Thursday 31 October 2013

Halloween Reading from Sarah Khan

Looking for something to read when you turn the lights down tonight and pretend not to be at home? I have two suggestions, both by the Berlin-based writer Sarah Khan.

If you read in English, go to Asymptote Journal for her piece "Séance with the Stasi", translated by Jane Yager. It's taken from her non-fiction collection Gespenster von Berlin and tells the story of Anne from Magdeburg, a woman with an affinity to ghosts, especially in combination with red wine. I found it made for odd reading because I've actually met Anne and didn't know she styled herself a seer. Whether you're as cynical as I am or not though, it's interesting to read Khan's take on Berlin history.

If you read German and can stomach a little bizarre humour, go to Mikrotext and buy her e-book Der Horrorpilz. It's a story somewhere between fun and horror with a very imaginative plot: the young Victor Gips inherits a bookshop but it seems someone is out to get him - is it the secret service, his most annoying customer, his ex-girlfriend with her hallucinogenic sex aids - or is it something altogether more disturbing? And what's with the odd people who come in to buy the old books stacked up in the back room, whom his uncle advised him never to speak to?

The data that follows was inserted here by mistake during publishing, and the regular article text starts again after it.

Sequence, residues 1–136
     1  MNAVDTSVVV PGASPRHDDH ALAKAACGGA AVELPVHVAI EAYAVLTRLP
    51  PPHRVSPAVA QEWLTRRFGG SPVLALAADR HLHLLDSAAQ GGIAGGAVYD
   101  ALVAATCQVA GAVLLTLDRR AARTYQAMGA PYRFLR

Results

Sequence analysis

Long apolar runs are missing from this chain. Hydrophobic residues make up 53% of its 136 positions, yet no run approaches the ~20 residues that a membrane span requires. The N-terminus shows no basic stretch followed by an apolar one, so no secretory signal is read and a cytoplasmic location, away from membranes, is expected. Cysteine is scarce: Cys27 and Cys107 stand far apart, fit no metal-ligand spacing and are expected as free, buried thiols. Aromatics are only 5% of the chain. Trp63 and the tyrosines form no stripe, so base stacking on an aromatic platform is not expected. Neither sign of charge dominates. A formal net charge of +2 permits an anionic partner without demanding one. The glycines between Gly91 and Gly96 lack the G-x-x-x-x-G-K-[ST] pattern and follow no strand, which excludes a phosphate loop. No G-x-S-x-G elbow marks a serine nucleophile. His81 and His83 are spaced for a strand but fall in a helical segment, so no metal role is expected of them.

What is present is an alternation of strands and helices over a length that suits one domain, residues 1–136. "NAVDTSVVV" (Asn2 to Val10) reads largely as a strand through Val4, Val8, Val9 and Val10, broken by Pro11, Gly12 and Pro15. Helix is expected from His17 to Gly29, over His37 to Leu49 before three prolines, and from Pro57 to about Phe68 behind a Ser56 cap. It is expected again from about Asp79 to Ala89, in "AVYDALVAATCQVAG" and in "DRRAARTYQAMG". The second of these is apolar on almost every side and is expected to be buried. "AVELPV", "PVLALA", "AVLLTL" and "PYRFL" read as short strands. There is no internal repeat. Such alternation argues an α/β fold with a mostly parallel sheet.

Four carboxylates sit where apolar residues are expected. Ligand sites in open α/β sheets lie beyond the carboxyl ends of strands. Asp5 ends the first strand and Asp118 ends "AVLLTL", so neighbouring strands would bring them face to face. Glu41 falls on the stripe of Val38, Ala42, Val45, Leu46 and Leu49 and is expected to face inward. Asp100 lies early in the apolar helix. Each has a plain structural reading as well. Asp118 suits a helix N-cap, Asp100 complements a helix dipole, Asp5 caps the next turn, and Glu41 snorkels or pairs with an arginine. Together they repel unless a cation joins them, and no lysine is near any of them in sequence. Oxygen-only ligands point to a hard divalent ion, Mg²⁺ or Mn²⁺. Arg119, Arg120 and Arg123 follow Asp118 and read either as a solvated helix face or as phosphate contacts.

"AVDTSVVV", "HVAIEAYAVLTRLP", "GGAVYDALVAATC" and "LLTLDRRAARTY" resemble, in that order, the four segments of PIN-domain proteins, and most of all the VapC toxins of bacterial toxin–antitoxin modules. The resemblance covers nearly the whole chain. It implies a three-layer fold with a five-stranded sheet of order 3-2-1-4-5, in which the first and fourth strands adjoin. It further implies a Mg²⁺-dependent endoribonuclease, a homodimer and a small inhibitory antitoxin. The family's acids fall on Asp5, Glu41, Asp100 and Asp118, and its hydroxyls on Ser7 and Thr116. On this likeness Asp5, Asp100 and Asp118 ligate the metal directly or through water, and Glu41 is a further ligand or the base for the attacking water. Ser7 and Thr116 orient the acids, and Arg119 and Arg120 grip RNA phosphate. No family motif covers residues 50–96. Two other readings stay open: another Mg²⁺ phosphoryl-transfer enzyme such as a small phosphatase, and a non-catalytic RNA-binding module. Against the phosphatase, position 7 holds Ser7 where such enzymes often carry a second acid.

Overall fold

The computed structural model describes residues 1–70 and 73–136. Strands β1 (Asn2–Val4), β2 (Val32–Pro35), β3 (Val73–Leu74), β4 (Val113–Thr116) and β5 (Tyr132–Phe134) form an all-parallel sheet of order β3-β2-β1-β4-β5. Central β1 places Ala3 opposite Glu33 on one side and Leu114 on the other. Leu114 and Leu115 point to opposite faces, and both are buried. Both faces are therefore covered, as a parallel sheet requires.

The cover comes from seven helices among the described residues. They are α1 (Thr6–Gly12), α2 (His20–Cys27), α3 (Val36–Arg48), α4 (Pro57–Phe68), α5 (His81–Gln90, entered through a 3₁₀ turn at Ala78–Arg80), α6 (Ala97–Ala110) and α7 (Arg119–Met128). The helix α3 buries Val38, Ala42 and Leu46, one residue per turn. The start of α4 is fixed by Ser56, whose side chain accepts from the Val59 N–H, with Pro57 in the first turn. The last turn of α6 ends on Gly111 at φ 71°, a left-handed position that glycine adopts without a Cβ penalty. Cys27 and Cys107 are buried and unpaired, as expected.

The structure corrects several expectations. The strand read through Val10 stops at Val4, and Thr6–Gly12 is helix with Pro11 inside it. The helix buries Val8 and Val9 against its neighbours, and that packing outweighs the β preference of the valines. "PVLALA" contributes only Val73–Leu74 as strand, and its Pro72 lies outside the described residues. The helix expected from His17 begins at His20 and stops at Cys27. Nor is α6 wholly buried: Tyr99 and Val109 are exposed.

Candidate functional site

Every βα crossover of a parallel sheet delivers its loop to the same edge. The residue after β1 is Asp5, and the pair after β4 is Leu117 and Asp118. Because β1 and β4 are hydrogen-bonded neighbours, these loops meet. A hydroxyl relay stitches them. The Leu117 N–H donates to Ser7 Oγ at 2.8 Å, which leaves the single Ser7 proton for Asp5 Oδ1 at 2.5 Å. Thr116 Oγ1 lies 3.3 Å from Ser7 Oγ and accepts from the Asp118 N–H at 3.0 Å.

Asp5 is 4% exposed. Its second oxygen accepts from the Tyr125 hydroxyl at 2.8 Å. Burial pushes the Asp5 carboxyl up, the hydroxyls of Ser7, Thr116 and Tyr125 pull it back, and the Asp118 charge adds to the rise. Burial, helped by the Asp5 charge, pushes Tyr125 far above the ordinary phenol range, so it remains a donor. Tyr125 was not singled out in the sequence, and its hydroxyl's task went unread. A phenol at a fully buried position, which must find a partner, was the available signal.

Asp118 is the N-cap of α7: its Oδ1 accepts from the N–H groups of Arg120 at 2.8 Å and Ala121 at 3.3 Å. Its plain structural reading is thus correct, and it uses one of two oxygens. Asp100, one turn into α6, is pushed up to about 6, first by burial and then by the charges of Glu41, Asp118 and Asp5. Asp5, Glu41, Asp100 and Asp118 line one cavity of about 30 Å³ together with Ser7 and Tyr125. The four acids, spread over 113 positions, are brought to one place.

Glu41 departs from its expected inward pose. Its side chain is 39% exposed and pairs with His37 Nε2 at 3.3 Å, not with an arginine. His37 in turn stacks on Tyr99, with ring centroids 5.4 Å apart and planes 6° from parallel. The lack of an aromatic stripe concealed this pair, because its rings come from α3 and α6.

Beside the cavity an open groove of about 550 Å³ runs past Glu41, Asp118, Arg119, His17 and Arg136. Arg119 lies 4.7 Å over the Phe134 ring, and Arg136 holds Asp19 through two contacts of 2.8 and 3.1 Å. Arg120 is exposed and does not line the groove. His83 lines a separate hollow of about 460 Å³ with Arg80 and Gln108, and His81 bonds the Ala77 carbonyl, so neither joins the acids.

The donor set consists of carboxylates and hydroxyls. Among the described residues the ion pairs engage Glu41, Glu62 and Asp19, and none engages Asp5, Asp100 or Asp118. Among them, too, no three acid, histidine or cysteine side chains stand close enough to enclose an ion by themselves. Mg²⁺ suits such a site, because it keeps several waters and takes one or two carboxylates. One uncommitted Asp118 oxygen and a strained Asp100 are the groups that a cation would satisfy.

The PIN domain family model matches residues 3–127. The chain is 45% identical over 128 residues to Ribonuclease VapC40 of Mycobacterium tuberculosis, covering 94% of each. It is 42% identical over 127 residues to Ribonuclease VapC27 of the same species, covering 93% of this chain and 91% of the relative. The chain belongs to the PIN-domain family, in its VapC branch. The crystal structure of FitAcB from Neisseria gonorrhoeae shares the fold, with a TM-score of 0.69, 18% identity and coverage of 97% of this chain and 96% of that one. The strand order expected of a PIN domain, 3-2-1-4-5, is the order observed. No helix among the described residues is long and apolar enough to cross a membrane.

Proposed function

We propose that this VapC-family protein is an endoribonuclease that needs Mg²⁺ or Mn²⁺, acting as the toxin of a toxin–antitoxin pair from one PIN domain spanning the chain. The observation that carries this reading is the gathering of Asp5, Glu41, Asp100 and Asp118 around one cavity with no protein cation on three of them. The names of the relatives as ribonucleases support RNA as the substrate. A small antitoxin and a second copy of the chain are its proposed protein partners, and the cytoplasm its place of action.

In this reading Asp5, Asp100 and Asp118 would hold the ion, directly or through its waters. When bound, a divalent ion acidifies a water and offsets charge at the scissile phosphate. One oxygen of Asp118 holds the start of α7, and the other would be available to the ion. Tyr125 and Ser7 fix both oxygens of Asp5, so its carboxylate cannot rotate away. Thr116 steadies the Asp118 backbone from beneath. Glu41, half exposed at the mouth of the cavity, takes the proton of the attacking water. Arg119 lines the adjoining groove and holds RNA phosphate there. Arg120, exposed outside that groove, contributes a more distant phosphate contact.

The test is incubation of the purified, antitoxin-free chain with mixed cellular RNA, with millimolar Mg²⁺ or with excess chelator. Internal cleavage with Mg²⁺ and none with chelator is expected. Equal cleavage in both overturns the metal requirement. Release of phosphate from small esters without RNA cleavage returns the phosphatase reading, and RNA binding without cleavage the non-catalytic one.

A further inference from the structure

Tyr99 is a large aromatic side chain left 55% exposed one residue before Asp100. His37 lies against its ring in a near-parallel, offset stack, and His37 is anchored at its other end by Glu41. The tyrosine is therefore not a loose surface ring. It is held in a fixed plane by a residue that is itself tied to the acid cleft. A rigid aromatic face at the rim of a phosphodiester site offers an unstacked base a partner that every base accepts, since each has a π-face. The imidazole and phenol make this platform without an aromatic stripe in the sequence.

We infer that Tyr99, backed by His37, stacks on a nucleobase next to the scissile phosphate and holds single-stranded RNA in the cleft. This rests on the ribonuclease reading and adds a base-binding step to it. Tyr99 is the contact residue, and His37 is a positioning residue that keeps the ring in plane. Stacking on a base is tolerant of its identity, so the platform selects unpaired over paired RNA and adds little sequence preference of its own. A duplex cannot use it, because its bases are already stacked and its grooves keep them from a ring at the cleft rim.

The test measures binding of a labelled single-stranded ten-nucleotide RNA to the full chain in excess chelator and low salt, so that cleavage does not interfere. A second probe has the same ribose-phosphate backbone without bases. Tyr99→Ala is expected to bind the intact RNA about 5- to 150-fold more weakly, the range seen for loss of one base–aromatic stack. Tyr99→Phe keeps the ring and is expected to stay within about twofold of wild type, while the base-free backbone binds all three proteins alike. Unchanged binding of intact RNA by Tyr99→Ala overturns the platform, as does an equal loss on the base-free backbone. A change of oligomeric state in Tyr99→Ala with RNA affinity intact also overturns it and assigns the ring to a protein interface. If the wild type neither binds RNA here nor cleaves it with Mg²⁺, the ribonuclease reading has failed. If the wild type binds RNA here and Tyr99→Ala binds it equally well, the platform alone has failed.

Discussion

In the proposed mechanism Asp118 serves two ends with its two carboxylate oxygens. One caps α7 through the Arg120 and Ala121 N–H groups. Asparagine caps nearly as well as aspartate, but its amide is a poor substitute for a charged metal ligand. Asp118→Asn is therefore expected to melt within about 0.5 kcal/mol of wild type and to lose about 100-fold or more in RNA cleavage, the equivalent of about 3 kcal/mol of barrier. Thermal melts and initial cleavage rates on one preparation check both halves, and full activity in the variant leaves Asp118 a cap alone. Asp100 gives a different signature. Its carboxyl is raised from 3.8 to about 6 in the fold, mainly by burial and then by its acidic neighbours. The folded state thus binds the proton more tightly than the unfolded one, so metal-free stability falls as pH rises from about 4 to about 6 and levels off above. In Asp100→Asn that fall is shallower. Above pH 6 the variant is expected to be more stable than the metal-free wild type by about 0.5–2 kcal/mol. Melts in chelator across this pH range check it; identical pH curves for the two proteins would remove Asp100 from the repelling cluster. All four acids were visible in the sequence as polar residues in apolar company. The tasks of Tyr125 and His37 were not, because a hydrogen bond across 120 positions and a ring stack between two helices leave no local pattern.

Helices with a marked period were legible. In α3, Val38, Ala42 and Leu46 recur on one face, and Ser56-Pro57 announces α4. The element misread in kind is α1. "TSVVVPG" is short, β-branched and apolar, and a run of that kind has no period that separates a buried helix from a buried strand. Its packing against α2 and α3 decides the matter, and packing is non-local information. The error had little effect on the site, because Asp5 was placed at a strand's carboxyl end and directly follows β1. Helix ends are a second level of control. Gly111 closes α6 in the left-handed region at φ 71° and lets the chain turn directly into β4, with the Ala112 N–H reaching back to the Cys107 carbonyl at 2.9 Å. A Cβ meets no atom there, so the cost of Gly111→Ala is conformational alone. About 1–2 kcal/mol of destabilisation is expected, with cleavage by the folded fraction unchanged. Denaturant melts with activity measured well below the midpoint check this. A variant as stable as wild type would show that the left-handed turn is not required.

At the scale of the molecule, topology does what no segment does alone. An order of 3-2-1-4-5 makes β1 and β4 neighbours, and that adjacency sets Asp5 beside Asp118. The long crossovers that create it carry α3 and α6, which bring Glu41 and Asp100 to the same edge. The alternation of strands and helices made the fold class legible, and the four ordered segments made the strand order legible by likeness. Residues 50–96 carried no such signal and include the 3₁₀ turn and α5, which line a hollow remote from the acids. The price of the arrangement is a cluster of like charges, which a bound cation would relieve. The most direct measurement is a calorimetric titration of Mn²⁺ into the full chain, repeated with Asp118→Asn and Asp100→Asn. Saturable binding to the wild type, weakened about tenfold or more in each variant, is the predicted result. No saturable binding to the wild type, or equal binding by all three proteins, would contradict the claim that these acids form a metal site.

I didn't like reading - being dyslexic, I was too uncertain about the world of letters - but I liked people telling me what they saw in books. There's nothing more vulgar than a cashier commenting on your toothpaste or your magazine the instant you arrive at the till. But it was particularly cruel to refuse a bookseller, even an untrained one like me, a conversation about obscure rare books. Uncle Ludwig's last piece of advice took on a fear-inducing note when he told me: "If you don't stick to it, Victor Gips, then everything will start to decay, and you have no idea how badly it'll end for you." I stuck to it. I took the cash and didn't make clever conversation with these strange people.
Funny, huh? I have to say I enjoyed this story more than the other piece because it stretches the imagination more and seems to take itself less seriously - or perhaps I'm simply too rational for ghost stories. Here, Khan's language is playful and drew me in to the drama, particularly at the more psychedelic moments. And content follows form in a short story that moves from books to electronic screens in a rather terrifying way - the perfect e-book reading matter. Sweet, a little bit silly in a good way, a little bit yucky, and very good fun. 

Happy Halloween!

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